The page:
Do you ever get the idea that some people are going to be with us forever, that other folk will die, but not them? I think that Wilbur Wagenschutz was one of those people for me. When I see his obit on my desk, it jolts me, it doesn’t seem real.
Wilbur had been a long-time friend of my wife’s family, and when I came into her family, I became a friend of Wilbur’s as well. He had known my brother already and so we had a certain bond. And we were both Christians, another bond. And we both liked Ruth, another bond. And he was crazy (said in the most endearing way possible), another bond.
We all know that life on this planet has a beginning and an end, but somehow, Wilbur seemed a little bigger than life. Maybe he would be the exception to the rule. The adage tells us that there is an exception to each and every rule. Unfortunately, death is the exception to that rule, there is no exception to it.
For many, the first impression of Wilbur is that he was nuts, full of fun, crazy, loud, and always with a wisecrack. That is true.
To others, he was a man of the Scriptures, a truth holder, strong in his beliefs and willing to stand for them, whether anyone else did or not. That is also true.
To others, he was a family man. He loved Carol, and his children, and his grandkids, and his siblings, and anyone else who became a part of the clan. Another truth.
I suppose to others, he was a good barber, or co-worker. I never knew him that way, but from everything that I have heard, it is true.
Ruth and I have gone years at a time without seeing Wilbur and Carol. But Wilbur would call Ruth every so often, the older brother calling the little sister, catching up on life and that which surrounds it. I heard only one side of the conversation, but there was almost always laughter…mixed with concern for someone who was ailing or for the family of one who had passed.
When Wilbur was taken to the hospital in Grand Rapids and then made it back home, I was not surprised. He had the same ailment that killed my father and my brother, but it didn’t surprise me that it didn’t kill Wilbur. How do you take life from the one who is larger than life? But the call did come, the one no one wanted to make and that no one wanted to receive. Wilbur had passed from this life.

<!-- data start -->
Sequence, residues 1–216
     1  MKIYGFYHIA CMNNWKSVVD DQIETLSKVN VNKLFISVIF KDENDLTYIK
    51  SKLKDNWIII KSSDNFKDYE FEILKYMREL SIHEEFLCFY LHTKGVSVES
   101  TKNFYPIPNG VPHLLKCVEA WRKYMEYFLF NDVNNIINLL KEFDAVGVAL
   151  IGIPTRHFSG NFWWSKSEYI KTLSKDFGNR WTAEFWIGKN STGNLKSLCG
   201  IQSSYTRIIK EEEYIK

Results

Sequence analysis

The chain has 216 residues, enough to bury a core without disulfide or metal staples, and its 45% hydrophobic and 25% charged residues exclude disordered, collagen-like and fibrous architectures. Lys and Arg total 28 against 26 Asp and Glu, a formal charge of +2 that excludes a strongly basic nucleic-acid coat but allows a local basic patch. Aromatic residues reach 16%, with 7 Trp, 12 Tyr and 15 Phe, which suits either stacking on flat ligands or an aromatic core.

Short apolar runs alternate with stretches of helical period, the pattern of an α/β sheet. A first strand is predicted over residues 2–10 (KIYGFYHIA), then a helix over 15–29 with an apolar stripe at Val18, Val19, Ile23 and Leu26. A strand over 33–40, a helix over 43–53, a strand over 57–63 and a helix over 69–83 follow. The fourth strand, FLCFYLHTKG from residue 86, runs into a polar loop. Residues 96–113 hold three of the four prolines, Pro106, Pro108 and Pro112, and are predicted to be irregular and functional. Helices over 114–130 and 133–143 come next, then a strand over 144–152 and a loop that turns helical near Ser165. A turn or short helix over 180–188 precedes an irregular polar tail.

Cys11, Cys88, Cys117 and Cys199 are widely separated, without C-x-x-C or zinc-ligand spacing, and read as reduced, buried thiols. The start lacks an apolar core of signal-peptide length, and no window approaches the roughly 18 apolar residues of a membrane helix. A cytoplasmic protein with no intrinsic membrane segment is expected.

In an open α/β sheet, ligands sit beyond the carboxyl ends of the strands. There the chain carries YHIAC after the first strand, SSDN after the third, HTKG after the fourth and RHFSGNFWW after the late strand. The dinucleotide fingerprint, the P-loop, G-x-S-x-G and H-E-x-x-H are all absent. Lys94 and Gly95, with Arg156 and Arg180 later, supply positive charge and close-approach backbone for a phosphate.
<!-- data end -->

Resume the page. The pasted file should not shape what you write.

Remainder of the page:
There are the obligatory declarations that “he is in a better place” and so on, but he is supposed to be here—in this life—in this place. There are not that many people around that love you like Wilbur did. There are not that many people around who are willing to stand for the Truth like Wilbur did—even if it costs. We shouldn’t lose them.
Was he really larger than life? Yeah, he was, and he is. The fact that I am writing this after his death, the fact that he has left a hole in my heart, the fact that he set an example for me, the fact that I am going to miss him, is proof that he was indeed larger than this life. The fact that there are some who are going to be in heaven because of him is certainly proof that he was larger than just the life he lived here. The fact that there are many who will miss him way more than I will, who loved him far more than I did, who have a larger hole in their heart than I do, is proof that Wilbur was more than the few years of life he lived here on earth.
I remember the fun Wilbur, the jokester, the one always ready with a wisecrack followed by his signature laugh. I will remember even more the Wilbur who stopped the jokes to talk about the Word of God with a seriousness and commitment that few others possess. He was, and is, an example to follow. I am thankful to have known him. I am even more thankful that I will see him again someday. I am left with one question: can you even tell jokes in heaven? If so, there are saints and angels enjoying a good laugh right now. Unless, that is, Wilbur is sitting at Jesus’ feet, the One he served for so many years.